Death Penalty

Discussion in 'Human Rights' started by edna kawabata, Apr 4, 2020.

  1. edna kawabata

    edna kawabata Well-Known Member

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    I am against the death penalty and here is why. I'll keep it short.

    Most who receive the death penalty probably deserve it and their lives are judged valueless by society. Their right to life has been denied for the actions they have taken according to the rules put forth by society. Can we agree on that?

    But the problem is errors occur. Innocents are convicted using the same rules that convicted the guilty. These lives are worth as much as yours or mine. Their lives are worth more than the sum of the guilty, therefore in the name of preventing an innocent person from mistakenly being put to death no one should be given the death sentence.
     
    Last edited: Apr 4, 2020
  2. btthegreat

    btthegreat Well-Known Member

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    I will keep this simple. The death penalty is always wrong, regardless of evidence, regardless of the crime because it is always wrong to constrain a man with handcuffs surround him with guards to hold him down, and with complete premeditation, and utter indifference to humanity, slowly, methodically kill him. It turns away from justice and towards retribution and it turns the state into a functionary for cruelty. There is no way to mitigate this act. You can release a man early but you cannot revive a man you have slain. It is also the only way for a govt to effectively interfere in a man's personal relationship with his God, with his absolute right to at the very least pray for mercy, forgiveness and atonement throughout his natural lifespan.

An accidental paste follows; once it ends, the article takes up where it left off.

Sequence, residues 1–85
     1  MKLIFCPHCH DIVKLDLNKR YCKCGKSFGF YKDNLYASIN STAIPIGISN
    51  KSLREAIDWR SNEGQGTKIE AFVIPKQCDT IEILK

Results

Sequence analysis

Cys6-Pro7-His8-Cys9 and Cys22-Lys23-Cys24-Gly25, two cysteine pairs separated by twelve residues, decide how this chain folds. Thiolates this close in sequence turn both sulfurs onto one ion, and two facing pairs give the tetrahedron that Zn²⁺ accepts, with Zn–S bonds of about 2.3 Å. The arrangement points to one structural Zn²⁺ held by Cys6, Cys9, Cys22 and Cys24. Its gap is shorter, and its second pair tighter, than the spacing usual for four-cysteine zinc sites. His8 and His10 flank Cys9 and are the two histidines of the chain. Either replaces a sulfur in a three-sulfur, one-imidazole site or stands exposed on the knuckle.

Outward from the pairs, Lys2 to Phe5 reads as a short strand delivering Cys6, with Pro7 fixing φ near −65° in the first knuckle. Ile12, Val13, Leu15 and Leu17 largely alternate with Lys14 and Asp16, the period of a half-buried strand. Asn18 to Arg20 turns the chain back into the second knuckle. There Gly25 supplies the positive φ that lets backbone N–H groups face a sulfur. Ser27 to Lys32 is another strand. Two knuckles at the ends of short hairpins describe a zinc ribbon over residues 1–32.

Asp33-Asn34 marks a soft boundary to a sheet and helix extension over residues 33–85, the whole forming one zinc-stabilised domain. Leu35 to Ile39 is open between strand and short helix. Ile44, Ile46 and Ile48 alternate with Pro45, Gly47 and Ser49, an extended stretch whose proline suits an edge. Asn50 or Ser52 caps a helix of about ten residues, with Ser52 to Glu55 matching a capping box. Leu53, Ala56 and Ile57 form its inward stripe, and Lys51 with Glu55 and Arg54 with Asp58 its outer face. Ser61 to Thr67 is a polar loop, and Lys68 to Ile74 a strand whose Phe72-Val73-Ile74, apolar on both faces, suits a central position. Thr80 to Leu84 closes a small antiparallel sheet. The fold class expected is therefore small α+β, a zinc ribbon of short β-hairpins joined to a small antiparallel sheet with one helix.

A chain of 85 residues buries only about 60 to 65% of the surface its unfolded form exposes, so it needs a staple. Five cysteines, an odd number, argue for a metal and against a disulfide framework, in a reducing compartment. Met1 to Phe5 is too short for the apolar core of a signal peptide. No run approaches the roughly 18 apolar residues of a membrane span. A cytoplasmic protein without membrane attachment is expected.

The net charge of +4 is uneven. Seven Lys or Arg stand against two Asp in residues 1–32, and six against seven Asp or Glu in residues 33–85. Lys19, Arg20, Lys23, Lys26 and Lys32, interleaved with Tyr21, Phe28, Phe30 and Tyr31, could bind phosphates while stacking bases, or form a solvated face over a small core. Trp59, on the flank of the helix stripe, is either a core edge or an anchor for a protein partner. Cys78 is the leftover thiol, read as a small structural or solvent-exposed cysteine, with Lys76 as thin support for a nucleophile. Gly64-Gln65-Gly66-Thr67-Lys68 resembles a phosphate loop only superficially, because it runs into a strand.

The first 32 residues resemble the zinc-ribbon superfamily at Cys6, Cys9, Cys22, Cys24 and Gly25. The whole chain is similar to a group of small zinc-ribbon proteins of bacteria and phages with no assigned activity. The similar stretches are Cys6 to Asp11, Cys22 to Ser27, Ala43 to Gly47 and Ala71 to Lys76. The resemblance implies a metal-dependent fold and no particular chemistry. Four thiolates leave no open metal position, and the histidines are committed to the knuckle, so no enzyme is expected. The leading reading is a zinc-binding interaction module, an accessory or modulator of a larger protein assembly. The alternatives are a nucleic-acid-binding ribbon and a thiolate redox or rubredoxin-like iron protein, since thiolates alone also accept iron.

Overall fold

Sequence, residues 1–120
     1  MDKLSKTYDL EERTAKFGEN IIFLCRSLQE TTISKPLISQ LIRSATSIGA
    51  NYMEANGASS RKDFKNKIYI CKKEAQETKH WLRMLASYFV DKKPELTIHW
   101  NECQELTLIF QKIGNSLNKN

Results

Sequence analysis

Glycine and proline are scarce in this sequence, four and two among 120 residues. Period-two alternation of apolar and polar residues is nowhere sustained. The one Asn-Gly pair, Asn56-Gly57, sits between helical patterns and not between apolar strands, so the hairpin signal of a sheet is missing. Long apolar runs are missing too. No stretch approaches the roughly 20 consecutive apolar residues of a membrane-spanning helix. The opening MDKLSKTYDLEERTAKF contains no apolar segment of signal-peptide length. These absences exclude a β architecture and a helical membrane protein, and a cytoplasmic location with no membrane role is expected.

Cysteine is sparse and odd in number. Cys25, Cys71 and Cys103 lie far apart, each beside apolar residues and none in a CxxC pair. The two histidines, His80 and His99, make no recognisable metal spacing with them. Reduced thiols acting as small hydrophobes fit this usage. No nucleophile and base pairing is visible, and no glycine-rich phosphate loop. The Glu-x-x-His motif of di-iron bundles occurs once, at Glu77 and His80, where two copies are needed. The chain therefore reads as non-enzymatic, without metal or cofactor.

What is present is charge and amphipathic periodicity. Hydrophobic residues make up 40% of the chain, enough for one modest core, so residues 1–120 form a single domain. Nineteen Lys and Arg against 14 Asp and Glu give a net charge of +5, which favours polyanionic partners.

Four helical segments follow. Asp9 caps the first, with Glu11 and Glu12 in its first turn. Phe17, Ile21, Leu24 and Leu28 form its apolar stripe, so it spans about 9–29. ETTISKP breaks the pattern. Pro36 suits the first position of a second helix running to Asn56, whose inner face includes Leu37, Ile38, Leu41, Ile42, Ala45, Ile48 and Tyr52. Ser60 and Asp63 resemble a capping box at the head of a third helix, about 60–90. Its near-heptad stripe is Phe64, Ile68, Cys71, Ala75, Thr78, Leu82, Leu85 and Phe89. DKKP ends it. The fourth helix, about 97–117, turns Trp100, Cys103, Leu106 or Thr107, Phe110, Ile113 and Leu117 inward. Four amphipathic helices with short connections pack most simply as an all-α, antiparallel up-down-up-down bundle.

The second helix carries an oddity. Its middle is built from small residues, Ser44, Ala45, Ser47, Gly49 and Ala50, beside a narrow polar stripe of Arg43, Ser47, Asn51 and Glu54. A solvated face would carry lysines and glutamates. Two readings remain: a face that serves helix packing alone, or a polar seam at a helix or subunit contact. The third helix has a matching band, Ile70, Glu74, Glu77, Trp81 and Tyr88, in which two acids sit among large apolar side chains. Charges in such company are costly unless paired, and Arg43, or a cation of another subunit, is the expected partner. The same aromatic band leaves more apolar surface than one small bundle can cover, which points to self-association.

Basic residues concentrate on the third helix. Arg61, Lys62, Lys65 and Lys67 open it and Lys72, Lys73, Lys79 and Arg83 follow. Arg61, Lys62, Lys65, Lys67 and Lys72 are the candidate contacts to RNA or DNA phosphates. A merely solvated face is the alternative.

This is not debatable. It is absolute. I am not alone in this view.

    "Out of the 195 countries, 56 countries still have a death penalty, 106 countries have abolished the death penalty by the end of 2018, 28 countries abolished a death penalty in practice, 8 countries abolished a death penalty for ordinary crimes only. In 2019, 142 countries have completely abolished the death penalty punishment.
     
    Last edited: Apr 4, 2020
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  3. edna kawabata

    edna kawabata Well-Known Member

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    Timothy McVeigh killed 168 innocent people and he didn't regret it. He was put down in the most efficient, humane way possible. It was justifiable cruel retribution that our society sanctions and his getting good with God is irrelevant. My point is those same laws convict the innocent who have infinitely more value than McVeigh.
     
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  4. btthegreat

    btthegreat Well-Known Member

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    I understand your point. For you its about there not being enough evidence to be sure. For me it does not matter if we have 20 confessions, DNA and videotape.

    Basically, you are empowering McVeigh to compromise the moral authority of a civilized nation, if he kills more cruelly or more often than the run of the mill murderer. There is no 'humane way' to sit and wait on death row, then get hauled out, held in chains and killed. It is by definition cruel and barbaric . I won't give him the power to reduce us all to co-conspirators to premeditated killing. It does not change him. It ultimately changes us. He's not worth it.
     
    Last edited: Apr 4, 2020
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  5. waltky

    waltky Well-Known Member

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    Granny says if dey been...

    ... scratchin' dey's butt...

    ... an' pickin' dey's nose...

    ... let God sort `em out!
     
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  6. edna kawabata

    edna kawabata Well-Known Member